- The seven-year drought in the Sool Plateau of Somaliland is now turning into a famine, according to international assessments. Some 64,000 Somalilanders are reported to face an acute food emergency, according to the UN.
More than 200,000 people in Somaliland and central Somalia "are facing food shortages and starvation brought on by a long period of drought considered the worst in 30 years," a new report from the UN, the European Union (EU) and the United States says.
Several years of below normal rainfall have adversely affected pastoralists in the two areas, leading to the deaths of 20 to 80 percent of their livestock and loss of income from sales of milk and meat, according to the report from the UN-EU Food Security Assessment Unit and the US agency Famine Early Warning Systems (FEWS).
While local incomes have been falling, the cost of trucking water to the area has risen, according to the report. Some 10 percent of the population of Somalia and Somaliland, or 89,100 people, in the districts are in a humanitarian crisis, while another 113,900 are suffering from a severe decline in their livelihoods.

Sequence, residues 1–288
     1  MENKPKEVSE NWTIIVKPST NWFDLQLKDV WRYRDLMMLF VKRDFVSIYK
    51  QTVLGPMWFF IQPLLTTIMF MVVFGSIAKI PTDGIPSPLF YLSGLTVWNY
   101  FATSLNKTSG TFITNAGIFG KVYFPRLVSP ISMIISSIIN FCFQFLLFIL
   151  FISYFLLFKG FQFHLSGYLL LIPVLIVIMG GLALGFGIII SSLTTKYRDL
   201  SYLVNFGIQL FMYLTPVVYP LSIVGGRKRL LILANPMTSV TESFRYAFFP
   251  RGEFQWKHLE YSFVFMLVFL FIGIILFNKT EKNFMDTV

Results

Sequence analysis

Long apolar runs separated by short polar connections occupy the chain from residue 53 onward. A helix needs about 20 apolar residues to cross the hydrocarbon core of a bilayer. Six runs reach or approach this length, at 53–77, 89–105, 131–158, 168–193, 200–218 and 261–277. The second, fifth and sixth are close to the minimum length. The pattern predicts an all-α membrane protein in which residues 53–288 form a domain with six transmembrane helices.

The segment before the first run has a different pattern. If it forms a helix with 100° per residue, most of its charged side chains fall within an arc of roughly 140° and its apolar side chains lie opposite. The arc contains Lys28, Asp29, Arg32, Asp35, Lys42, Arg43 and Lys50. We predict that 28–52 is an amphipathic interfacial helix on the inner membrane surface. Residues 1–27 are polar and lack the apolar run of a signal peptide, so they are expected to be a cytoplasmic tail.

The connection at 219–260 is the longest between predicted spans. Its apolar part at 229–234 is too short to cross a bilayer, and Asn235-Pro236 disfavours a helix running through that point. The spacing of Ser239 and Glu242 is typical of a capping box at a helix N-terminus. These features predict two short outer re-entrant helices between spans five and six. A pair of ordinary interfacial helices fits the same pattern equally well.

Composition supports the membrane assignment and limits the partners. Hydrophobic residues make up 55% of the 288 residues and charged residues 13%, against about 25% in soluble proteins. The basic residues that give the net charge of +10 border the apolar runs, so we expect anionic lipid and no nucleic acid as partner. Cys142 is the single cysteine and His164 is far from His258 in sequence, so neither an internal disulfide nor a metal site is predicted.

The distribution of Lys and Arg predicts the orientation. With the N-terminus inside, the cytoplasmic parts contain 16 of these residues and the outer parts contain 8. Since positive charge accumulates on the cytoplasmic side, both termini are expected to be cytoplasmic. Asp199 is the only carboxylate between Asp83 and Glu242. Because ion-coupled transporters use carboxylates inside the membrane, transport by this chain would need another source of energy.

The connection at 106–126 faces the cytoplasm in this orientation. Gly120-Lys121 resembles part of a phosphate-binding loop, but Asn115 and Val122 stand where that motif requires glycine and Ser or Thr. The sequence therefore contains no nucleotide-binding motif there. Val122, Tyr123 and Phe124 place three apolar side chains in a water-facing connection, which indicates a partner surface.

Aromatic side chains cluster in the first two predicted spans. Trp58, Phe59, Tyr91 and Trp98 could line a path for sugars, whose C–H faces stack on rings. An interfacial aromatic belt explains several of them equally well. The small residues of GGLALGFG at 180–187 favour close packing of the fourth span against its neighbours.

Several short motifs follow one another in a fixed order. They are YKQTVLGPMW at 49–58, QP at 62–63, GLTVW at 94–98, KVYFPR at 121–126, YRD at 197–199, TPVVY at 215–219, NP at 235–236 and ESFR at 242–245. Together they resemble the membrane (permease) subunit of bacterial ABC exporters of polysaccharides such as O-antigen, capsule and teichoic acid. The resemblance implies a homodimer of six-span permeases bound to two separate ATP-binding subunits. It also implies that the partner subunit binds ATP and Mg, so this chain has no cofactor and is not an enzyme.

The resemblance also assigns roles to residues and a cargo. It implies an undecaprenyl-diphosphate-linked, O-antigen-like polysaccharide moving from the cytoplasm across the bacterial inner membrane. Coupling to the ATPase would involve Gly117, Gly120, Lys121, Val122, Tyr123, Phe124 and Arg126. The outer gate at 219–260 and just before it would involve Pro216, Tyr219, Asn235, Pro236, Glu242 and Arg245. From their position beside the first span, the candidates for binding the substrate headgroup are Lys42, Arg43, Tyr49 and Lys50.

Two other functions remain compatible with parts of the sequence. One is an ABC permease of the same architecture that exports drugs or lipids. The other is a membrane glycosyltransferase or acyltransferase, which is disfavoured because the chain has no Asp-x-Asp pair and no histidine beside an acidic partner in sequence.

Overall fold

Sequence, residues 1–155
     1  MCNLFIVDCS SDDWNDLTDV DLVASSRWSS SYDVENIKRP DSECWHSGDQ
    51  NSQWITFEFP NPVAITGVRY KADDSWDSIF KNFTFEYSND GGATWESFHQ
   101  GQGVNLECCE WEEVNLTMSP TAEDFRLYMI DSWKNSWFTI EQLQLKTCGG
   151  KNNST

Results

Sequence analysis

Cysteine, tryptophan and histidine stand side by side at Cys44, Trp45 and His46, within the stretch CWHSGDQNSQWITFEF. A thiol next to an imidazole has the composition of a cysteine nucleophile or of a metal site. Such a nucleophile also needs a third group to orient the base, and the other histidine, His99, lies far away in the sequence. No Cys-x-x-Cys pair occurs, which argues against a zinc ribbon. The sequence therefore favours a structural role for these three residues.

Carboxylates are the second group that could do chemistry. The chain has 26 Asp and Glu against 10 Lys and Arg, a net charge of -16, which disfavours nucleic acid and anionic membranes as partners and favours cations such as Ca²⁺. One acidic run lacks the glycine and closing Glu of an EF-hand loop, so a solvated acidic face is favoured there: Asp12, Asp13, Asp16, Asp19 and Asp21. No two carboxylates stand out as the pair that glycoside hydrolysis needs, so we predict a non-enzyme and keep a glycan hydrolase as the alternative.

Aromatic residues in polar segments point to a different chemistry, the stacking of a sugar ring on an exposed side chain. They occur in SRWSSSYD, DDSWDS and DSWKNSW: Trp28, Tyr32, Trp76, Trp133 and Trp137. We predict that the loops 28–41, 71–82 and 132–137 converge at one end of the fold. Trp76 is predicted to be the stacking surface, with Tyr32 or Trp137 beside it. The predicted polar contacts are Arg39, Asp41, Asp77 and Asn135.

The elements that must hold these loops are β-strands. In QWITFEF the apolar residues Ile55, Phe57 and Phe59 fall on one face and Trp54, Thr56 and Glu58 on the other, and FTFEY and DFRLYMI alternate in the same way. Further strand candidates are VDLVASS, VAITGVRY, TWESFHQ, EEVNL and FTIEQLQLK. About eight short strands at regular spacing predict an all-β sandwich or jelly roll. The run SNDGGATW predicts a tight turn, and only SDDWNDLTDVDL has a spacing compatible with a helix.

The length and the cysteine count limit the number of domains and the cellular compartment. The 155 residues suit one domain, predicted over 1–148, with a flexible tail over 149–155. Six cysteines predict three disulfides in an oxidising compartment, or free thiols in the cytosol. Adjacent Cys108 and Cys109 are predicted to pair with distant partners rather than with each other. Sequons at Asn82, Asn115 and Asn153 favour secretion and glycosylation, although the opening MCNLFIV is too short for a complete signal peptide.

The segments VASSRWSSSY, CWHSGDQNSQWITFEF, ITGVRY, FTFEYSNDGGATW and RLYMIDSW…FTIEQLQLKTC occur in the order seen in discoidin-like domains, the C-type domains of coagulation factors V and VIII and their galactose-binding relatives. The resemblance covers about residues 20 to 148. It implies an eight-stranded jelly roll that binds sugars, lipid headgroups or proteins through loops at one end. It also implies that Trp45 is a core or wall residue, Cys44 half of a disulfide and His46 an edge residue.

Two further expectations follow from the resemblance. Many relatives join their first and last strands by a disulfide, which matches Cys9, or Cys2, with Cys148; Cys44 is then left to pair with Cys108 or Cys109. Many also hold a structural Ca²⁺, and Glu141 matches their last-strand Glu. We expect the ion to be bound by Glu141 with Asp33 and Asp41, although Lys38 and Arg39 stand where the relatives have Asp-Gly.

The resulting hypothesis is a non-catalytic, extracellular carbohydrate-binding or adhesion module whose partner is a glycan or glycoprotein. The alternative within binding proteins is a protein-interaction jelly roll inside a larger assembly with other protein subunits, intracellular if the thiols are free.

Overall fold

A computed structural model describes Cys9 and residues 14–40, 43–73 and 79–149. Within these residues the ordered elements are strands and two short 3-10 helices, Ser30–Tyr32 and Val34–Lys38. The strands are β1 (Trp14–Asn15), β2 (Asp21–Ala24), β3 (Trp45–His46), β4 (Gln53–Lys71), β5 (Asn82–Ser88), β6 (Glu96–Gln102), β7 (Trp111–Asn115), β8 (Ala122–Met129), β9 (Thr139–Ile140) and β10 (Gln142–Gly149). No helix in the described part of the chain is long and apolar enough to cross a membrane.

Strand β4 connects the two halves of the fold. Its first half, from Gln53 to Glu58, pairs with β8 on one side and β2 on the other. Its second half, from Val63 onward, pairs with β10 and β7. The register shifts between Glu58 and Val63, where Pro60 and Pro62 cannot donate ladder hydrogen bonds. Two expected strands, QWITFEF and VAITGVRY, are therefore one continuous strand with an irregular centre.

The situation is worst on the Sool Plateau in Somaliland, "where 64,000 people are in a food emergency," the report says. Another 28,600 Somalilanders were reported to be "affected by a livelihood crisis."
In the Sool Plateau of eastern Somaliland, last year's short rains (Deyr) failed for the seventh consecutive time and the next rainfall is not expected until April this year. The drought in the plateau has been a discreet, slow onset shock over the past three years and that it is the longest and most severe dry spell in the region since at least 1981.
The increasing humanitarian crisis in the impoverished region has been known to the international community for a longer time, but food aid has been slow and minimal. Already in November last year, a FEWS report warned that "an immediate and coordinated response from the international community is needed to avert disaster."
During the three drought years, cumulative livestock losses have decimated herds and altered herd composition, according to FEWS. In November, it was estimated that 60-70 percent of camels and 50 percent of sheep and goats in the area have died. Pastoralists thus have lost 60-70 percent of their income from drastically reduced livestock sales. Milk production is reported to be close to zero.
Reports from Somaliland this year indicate that the crisis only has deepened since November last year. Access to clean and safe water for humans and livestock is running out and diseases are starting to spread. Further, social services are reported to erode as health services run out of drugs and schools are closing due to high dropout rates.
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